American badger sisters Poppy and Lavender recently had annual wellness exams with Northwest Trek’s animal care and veterinary team. Both sisters had their eyes checked, nails trimmed, X-rays taken, and received routine vaccinations. They also contributed to critical scientific research.
During the exam, the veterinary team gathered a small tissue sample- a 4-millimeter biopsy- from the left ear of each sister.
“This tissue will allow researchers to study the evolutionary history of badgers,” explained veterinary technician Tracy.
Researchers are interested in studying the adaptations that lead to the badger’s underground and burrowing lifestyle. They reached out to Association of Zoos & Aquariums (AZA) accredited zoos with American badgers and honey badgers for samples — and Northwest Trek answered the call. The samples from Poppy and Lavender will be added to samples from the other 12 species of badgers to generate whole genome sequences that will be analyzed.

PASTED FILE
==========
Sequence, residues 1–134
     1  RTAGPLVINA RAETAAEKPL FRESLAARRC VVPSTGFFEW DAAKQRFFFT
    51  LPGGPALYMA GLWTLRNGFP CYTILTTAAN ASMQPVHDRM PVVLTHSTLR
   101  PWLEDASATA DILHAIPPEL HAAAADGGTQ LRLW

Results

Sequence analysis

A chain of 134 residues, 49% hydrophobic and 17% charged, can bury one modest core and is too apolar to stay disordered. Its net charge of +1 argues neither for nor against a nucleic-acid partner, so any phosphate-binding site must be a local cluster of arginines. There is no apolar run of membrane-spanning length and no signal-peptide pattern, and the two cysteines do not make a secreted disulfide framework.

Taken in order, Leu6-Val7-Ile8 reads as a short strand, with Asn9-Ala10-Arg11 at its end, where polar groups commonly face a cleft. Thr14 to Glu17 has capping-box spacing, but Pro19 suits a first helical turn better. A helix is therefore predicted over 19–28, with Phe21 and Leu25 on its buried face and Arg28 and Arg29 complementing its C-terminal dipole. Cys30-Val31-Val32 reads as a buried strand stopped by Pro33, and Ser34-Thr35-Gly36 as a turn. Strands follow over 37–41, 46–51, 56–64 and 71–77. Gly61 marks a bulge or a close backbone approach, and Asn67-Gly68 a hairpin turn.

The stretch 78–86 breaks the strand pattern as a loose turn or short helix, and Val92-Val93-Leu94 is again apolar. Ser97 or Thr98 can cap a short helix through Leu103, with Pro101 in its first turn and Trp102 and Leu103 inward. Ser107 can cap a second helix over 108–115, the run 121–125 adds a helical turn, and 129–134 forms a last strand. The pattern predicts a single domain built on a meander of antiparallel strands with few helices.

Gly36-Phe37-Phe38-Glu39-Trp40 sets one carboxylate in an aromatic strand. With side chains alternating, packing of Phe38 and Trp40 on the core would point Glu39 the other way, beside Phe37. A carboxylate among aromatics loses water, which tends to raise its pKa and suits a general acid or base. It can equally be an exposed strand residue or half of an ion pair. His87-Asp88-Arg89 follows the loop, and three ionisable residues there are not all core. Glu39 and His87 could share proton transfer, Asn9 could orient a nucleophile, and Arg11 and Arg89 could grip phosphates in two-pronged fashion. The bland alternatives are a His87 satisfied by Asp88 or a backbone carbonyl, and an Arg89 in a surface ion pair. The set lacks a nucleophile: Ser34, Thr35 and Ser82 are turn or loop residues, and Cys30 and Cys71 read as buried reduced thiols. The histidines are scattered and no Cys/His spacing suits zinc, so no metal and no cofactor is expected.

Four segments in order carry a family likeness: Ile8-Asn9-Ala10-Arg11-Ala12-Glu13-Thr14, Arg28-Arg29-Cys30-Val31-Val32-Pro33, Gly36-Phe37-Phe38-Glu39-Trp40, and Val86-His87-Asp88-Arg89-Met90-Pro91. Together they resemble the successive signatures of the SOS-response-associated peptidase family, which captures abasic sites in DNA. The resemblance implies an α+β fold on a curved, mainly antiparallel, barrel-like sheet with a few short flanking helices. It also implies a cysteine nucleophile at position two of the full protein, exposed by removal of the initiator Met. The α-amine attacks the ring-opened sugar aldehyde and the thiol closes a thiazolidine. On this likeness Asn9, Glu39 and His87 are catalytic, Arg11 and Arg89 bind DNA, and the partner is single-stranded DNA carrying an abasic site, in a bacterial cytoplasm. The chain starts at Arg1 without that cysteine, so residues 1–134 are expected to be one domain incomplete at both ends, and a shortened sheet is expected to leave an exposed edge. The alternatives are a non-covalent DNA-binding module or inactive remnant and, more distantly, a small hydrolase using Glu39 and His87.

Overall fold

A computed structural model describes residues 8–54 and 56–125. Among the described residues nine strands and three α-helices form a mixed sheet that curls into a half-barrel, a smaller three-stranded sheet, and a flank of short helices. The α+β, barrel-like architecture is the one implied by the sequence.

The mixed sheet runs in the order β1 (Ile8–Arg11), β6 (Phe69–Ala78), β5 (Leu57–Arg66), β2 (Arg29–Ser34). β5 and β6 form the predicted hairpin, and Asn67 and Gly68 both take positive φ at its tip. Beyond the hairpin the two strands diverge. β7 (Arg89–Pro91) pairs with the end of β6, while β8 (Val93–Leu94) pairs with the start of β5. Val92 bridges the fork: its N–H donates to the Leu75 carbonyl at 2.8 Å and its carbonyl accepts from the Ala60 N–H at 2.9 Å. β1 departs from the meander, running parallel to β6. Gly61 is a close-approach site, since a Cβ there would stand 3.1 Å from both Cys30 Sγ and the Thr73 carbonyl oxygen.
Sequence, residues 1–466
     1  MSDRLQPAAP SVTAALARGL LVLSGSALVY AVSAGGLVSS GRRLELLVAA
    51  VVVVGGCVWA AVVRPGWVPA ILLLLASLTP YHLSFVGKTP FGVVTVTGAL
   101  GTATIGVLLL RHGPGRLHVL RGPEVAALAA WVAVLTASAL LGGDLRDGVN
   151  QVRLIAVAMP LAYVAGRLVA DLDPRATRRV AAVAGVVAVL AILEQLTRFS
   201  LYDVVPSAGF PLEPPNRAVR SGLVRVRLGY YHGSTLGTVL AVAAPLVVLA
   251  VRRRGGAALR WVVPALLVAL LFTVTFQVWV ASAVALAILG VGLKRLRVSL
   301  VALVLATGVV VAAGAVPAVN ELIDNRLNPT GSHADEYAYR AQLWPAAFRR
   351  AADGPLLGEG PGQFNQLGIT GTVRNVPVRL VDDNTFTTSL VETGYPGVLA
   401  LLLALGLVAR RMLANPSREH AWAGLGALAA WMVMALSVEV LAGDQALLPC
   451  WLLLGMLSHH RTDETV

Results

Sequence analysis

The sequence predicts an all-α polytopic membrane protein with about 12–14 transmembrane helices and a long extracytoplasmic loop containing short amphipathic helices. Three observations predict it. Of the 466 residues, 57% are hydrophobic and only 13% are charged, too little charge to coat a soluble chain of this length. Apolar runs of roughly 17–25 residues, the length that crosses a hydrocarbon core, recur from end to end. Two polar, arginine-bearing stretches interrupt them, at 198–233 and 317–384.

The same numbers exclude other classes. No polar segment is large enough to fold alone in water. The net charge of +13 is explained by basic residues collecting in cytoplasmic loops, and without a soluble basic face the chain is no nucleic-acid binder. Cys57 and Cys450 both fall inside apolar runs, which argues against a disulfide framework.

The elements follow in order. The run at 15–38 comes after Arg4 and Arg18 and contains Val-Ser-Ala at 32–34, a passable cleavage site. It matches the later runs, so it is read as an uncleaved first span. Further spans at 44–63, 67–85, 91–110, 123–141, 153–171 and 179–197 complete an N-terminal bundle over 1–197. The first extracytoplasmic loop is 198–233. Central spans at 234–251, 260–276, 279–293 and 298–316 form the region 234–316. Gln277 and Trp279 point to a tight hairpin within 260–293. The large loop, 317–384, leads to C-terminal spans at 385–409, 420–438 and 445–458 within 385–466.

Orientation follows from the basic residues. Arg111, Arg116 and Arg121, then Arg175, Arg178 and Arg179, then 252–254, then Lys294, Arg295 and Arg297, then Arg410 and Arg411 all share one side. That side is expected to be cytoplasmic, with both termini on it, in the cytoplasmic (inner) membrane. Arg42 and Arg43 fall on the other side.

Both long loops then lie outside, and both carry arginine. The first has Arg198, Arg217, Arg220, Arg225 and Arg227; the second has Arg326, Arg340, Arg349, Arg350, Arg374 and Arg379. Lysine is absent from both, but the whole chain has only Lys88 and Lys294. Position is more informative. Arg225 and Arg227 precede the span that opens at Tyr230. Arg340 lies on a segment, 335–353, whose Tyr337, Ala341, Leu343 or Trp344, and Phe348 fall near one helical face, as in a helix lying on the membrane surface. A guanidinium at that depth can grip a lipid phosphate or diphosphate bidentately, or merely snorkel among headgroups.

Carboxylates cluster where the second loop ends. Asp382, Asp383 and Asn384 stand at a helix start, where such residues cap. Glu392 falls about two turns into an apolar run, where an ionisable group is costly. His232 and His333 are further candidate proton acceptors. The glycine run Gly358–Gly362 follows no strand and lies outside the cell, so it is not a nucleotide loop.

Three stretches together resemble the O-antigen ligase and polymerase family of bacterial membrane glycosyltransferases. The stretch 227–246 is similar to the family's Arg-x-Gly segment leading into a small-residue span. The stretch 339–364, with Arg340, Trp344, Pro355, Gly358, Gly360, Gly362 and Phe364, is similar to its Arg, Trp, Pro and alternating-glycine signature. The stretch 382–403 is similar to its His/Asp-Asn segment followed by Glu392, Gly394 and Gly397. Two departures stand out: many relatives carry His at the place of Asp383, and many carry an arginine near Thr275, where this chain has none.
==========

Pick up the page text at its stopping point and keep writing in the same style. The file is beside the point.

“Researchers believe that genomic data can tell them how life history traits, like burrowing, emerged and how that can help us develop better plans for conservation for the species as a whole,” said Cramer.
The research is supported by the AZA and conducted by Principal Investigator Dr. Emily Latch, a biology Professor at the University of Wisconsin-Milwaukee, in collaboration with Dr. Elizabeth Kierepka, an Assistant Research Professor at the North Carolina Museum of Natural Sciences and North Carolina State University, and Dr. Klaus Koepfli, a conservation biologist at the Smithsonian Conservation Biology Institute. Together, they have over 15 years of experience working with and researching badgers.